From the first time he’d met Senator Malcolm Phillips, something about him struck Jack as off. He couldn’t put his finger on it exactly: the guy’s manners were impeccable, his background impressive. Phillips was perfect. A little too perfect. Everything about him was so well rehearsed that Jack could almost believe there was an invisible teleprompter feeding him his lines. What surprised Jack most was how Phillips’s wife, Taylor, failed to see he was all wrong for her. Of course, he kept this to himself. His opinion didn’t mean anything to Taylor anymore.
He opened the door, and Phillips walked in.
Going no farther than the hallway, he began. “I won’t waste time with pleasantries. I need your help.” His voice shook, and his face was ashen.
“What is it?”
“I scuttled the vote. It was supposed to be a good thing. But he added a gateway. He has to be stopped.”
“Whoa, what’s going on?”
He handed Jack an envelope as he spoke in an uncharacteristically nervous rush. “Take this. You’ll need it to convince Taylor. I didn’t believe it. He told me he would do it. I didn’t believe him but…they’ll kill me.”
This was insane. He hadn’t seen Phillips in years—and now here he was, rambling like a crazy person.
“What are you talking about? Slow down and tell me what’s going on,” Jack said.
“No time. You’re the only one I trust. You’ve got to find Jeremy. Get Taylor to him. They won’t hurt her now, but later…I was so stupid…”
Phillips was pacing now, and sweat had broken out on his forehead.
“Who’s Jeremy? You’re not making any sense,” Jack said.
“Go to Taylor and show it to her.” He pointed to the envelope. “It’s a sealed letter, so she’ll know it’s real. Get Taylor and take her to the cabin.”
How did he know about the cabin?
“I’m the last person Taylor wants to see. She’s not going to go anywhere with me.”
Phillips grabbed his arm.
“They own me. And Brody Hamilton too. You’ll see when they kill me. Then you’ll know.”
“When who kills you?”
Phillips backed away.
“Promise me, you’ll get her to Jeremy.” He handed Jack a remote control. “This will get you into the garage. I’ve taped our address to the bottom.” He wiped his forehead with the back of his hand. “Remember, Jack, no matter what it looks like, I’m not suicidal nor prone to accidents.”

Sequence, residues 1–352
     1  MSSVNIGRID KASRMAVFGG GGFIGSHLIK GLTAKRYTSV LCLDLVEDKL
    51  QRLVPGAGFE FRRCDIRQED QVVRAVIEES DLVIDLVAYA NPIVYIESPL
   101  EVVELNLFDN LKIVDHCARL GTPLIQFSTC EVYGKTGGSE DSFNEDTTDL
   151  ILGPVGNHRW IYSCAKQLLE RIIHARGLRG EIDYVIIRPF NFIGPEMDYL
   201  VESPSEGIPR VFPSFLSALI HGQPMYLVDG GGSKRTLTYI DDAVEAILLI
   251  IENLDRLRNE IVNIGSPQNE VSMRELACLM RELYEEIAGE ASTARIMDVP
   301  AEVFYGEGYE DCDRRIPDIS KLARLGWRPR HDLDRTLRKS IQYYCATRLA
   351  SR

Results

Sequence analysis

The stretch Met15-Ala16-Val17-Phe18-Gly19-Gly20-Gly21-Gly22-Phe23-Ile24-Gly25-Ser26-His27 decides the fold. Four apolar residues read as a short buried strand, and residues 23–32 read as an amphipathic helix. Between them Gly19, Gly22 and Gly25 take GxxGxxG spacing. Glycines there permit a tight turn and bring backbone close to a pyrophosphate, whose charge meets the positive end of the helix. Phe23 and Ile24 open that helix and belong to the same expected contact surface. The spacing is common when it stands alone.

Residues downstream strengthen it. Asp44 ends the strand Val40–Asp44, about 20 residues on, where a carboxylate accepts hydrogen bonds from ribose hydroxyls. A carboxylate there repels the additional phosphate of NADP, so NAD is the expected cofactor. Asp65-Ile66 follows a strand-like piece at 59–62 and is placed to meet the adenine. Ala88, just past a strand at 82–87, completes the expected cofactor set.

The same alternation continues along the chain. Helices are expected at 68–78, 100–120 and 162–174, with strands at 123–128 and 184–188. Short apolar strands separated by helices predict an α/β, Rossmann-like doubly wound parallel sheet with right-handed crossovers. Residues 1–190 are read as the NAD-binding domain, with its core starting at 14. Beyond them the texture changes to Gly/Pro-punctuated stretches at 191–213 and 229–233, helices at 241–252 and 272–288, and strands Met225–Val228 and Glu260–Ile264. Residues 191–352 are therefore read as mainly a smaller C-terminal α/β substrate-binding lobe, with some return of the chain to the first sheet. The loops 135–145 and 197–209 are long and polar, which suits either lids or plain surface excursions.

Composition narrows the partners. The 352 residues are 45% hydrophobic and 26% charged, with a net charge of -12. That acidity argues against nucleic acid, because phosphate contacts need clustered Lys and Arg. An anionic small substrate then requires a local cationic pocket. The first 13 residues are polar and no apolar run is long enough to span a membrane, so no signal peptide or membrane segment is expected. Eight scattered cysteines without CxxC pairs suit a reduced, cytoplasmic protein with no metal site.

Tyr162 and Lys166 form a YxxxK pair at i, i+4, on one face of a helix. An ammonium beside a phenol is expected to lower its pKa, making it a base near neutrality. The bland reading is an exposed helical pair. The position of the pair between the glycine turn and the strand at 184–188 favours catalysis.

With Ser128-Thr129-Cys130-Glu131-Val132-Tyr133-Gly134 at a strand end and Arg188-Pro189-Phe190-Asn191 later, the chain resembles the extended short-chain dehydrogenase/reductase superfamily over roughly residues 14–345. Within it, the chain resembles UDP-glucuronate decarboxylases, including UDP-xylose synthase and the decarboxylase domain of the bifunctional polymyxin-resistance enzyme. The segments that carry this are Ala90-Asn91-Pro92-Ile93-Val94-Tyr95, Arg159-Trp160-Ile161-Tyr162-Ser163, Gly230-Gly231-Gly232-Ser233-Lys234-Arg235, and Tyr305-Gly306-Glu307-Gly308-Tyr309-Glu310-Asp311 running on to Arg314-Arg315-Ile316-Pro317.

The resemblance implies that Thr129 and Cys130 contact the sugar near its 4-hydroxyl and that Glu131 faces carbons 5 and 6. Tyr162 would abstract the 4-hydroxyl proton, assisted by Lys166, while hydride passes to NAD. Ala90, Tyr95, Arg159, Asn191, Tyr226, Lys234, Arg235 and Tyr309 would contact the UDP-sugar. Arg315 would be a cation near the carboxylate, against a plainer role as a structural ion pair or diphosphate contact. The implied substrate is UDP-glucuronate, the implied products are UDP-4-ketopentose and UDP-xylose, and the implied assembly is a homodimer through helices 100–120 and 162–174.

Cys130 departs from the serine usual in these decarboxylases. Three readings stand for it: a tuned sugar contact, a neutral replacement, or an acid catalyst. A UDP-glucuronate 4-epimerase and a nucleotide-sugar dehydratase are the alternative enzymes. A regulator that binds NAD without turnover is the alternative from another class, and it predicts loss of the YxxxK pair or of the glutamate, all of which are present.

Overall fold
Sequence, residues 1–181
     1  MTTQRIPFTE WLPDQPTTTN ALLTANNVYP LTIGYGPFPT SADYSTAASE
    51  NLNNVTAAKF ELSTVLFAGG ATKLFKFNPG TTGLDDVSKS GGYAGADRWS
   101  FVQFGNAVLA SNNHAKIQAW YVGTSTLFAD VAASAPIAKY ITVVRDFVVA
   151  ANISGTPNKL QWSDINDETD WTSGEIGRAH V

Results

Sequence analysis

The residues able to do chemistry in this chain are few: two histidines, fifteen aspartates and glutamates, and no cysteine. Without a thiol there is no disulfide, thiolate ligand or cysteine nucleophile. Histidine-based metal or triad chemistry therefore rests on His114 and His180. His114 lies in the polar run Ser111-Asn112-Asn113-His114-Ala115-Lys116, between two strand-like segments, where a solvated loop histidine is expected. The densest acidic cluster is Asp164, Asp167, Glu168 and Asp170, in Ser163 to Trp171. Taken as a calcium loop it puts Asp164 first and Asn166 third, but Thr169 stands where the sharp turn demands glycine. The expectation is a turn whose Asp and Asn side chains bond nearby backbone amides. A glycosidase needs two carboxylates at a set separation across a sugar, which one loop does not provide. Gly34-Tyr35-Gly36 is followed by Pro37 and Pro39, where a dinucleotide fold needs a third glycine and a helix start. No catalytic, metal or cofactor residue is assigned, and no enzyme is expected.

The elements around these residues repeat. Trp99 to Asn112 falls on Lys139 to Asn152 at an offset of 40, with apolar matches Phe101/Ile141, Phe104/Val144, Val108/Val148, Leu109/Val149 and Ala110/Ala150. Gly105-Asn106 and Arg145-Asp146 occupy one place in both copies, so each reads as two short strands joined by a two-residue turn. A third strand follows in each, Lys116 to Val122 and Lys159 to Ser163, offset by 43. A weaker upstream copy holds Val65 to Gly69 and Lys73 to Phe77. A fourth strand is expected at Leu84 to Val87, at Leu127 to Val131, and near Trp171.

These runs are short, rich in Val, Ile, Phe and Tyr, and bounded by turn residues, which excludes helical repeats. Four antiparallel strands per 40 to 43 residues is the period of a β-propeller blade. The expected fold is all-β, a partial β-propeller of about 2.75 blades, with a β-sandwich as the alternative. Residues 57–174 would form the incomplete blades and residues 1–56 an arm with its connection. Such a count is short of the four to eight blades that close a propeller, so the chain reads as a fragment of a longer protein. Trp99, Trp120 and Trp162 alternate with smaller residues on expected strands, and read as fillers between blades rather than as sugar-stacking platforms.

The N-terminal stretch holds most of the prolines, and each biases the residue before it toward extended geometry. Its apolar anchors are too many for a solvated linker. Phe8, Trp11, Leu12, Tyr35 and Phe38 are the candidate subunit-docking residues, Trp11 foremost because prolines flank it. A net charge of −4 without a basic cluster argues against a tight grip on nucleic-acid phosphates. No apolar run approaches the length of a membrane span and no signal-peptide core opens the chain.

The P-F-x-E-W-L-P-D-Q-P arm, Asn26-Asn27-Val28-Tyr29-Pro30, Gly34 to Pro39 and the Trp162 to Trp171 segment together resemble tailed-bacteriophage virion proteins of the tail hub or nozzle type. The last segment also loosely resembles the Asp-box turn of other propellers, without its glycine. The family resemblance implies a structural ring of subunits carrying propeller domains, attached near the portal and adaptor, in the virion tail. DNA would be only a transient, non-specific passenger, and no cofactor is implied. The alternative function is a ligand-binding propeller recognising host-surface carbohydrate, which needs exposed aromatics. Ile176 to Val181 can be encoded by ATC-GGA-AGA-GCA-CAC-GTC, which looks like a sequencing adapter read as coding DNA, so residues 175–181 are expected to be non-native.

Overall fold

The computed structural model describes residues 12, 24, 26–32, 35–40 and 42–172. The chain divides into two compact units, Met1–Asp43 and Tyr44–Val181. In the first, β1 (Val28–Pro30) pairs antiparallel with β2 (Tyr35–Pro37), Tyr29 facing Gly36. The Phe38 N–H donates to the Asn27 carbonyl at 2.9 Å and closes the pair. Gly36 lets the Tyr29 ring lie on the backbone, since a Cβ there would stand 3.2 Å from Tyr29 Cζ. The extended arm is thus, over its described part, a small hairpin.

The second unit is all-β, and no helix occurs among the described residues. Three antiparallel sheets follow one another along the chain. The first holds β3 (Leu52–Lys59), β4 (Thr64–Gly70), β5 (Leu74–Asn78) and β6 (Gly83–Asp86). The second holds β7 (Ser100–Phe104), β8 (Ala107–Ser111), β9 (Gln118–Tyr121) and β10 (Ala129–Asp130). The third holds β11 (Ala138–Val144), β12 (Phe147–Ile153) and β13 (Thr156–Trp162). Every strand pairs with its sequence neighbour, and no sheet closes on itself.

He was gone before a flabbergasted Jack could respond.
Jack shut the door, began to walk away, then turned back and engaged the extra deadbolt. His eyes narrowed as he looked around, half expecting a phantom to appear.
What was Phillips talking about? Did someone really want him dead—someone powerful enough to own two senators? His head began to pound, and he leaned forward to massage his temples. What had Phillips done? Maybe he was nuts, early onset dementia. Jack could only hope. And now he expected Jack to play the hero to Taylor? He wouldn’t blame her if she slammed the door in his face.
He would do some digging. Try and make sense of what had just landed in his lap. He threw the envelope on the table, opened his laptop, and set a Google alert for Senator Malcolm Phillips.

CHAPTER TWO

Senator Malcolm Phillips was 110 feet underwater. He checked the metrics on his dive computer—five more minutes before he was in danger of getting the bends. He had spent too much time in one room of the wreck and now would have to forgo exploring the rest of it. Scuba diving was the only time he truly relaxed. Wreck diving was his favorite. He loved the history and mystery associated with these old Japanese ships. Part of the appeal of this remote Micronesian island was his ability to blend in—nobody knew who he was or paid him any extra attention. After he had landed in Guam, he had called his old friend and borrowed his private plane. He wanted to disappear for a little while. After what he pulled with the vote, he knew it was only a matter of time. He wanted to be as far away from Taylor as possible—to be sure she wasn’t caught in the crossfire. It was easy to get away; she’d never shown an interest in diving, and was used to him taking these trips alone. Knowing he was on borrowed time, he was all the more determined to make the most of this trip. Who would have thought that he would be willing to make such a sacrifice? Before Taylor, he had never done a single thing out of concern for another person. As some would say, miracles never cease.
He began ascending, making a concentrated effort to exhale as he rose. The water caressed his skin, and he surveyed the visual feast surrounding him. Angelfish painted in vibrant blues and yellows swooshed by, oblivious to their glory. The soft whooshing of his regulator filled his ears, and the lack of conversation added to his pleasure—no lobbyists hounding him to push a bill. Closing his eyes, he relished the feeling of floating through the ocean. His relaxation was interrupted by the sound of his dive computer. Beep…beep…beep. What was wrong? He looked at his wrist—the ascent warning. He was going up too fast. Swimming back towards the wreck, he grabbed the rope dangling from the boat above. Now he would need to hang for at least ten minutes. He continued checking his gauge while he held on to the rope, then began a slow ascent when enough time had elapsed. At last, he broke the surface and felt the warmth of the morning sun on his face. After climbing aboard the boat, he slipped the heavy tanks off his back and discarded his wet suit. He was looking forward to a well-earned lunch.